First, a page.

Thanks once again to Viru Aithal for the inspiration behind this post, although I did write most of the code, this time. :-)
Adding a splash screen can give a touch of class to your application, assuming it's done non-intrusively. This post focuses on how best to do so within AutoCAD, and use the time it's displayed to perform initialization for your application.
The first thing you need to do is add a Windows Form to your project:
You should select the standard "Windows Form" type, giving an appropriate name (in this case I've used "SplashScreen", imaginatively enough).
Once this is done, you should set the background for the form to be your preferred bitmap image, by browsing to it from the form's BackgroundImage property:
Now we're ready to add some code. Here's some C# code that shows how to show the splash-screen from the Initialize() method:
using Prompts; // This is the name of the module
public class Startup : IExtensionApplication
public void Initialize()
SplashScreen ss = new SplashScreen();
// Rather than trusting these properties to be set
// at design-time, let's set them here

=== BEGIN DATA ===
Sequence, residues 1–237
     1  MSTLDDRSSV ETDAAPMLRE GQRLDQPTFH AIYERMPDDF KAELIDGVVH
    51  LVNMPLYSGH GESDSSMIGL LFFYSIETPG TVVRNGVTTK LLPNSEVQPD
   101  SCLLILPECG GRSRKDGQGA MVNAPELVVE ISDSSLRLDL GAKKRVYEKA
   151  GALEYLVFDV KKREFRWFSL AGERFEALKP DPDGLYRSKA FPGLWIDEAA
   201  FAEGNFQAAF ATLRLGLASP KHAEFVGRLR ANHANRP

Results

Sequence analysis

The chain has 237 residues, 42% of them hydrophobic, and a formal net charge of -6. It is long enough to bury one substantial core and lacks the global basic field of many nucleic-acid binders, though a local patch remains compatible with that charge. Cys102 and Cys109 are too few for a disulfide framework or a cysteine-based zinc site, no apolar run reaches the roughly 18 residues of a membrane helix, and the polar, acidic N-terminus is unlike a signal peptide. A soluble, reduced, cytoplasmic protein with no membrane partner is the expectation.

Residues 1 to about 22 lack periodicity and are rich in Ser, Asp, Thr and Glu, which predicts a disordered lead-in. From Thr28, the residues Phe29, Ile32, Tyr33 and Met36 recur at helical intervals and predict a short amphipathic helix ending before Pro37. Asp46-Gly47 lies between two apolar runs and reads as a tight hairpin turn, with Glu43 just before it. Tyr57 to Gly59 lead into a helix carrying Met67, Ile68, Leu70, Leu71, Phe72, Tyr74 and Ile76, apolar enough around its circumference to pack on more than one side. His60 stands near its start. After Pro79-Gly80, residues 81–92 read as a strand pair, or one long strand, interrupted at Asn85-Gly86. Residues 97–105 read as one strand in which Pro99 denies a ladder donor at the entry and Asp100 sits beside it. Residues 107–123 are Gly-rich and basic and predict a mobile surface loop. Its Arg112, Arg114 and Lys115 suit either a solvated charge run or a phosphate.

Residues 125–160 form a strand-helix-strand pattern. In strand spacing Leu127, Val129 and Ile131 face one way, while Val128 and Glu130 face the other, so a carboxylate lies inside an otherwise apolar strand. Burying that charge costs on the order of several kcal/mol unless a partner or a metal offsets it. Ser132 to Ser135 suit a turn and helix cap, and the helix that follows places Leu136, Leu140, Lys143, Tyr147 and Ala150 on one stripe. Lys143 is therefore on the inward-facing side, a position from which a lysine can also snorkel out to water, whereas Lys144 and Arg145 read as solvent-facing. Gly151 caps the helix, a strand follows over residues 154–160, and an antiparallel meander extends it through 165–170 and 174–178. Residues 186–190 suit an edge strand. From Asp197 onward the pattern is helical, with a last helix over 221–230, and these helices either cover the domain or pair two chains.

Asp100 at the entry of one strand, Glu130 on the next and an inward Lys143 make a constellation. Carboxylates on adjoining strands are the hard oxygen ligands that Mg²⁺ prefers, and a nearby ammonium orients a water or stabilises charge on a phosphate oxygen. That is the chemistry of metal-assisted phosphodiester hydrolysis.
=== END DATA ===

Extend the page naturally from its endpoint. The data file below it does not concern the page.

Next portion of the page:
ss.Opacity = 0.8;
ss.TopMost = true;
ss.ShowInTaskbar = false;
// Now let's disply the splash-screen
// This is where your application should initialise,
// but in our case let's take a 3-second nap
public void Terminate()
Some notes on the code:
- I used a sample application called "Prompts" - you should change the using directive to refer to your own module name.
- We're setting a number of properties dynamically (at runtime), rather than stepping through how to set them at design-time.
- We've set the splash screen to be 80% opaque (or 20% transparent). This is easy to adjust.
- Some of the additional properties may be redundant, but they seemed sensible to set (at least to me).
Here's the result... I've set up my application to demand-load when I invoke a command, which allowed me to load a DWG first to show off the transparency of the splash-screen (even though the above code doesn't actually define a command - so do expect an "Unknown command" message, if you do exactly the same thing as I have). You may prefer to set the module to load on AutoCAD startup, otherwise.
Roland Feletic brought it to my attention that this post needed updating for AutoCAD 2010. Thanks, Roland!
I looked into the code, and found that the call to ShowModelessDialog needed changing to this:
I also found I had to add an additional assembly reference to PresentationCore (a .NET Framework 3.0 assembly).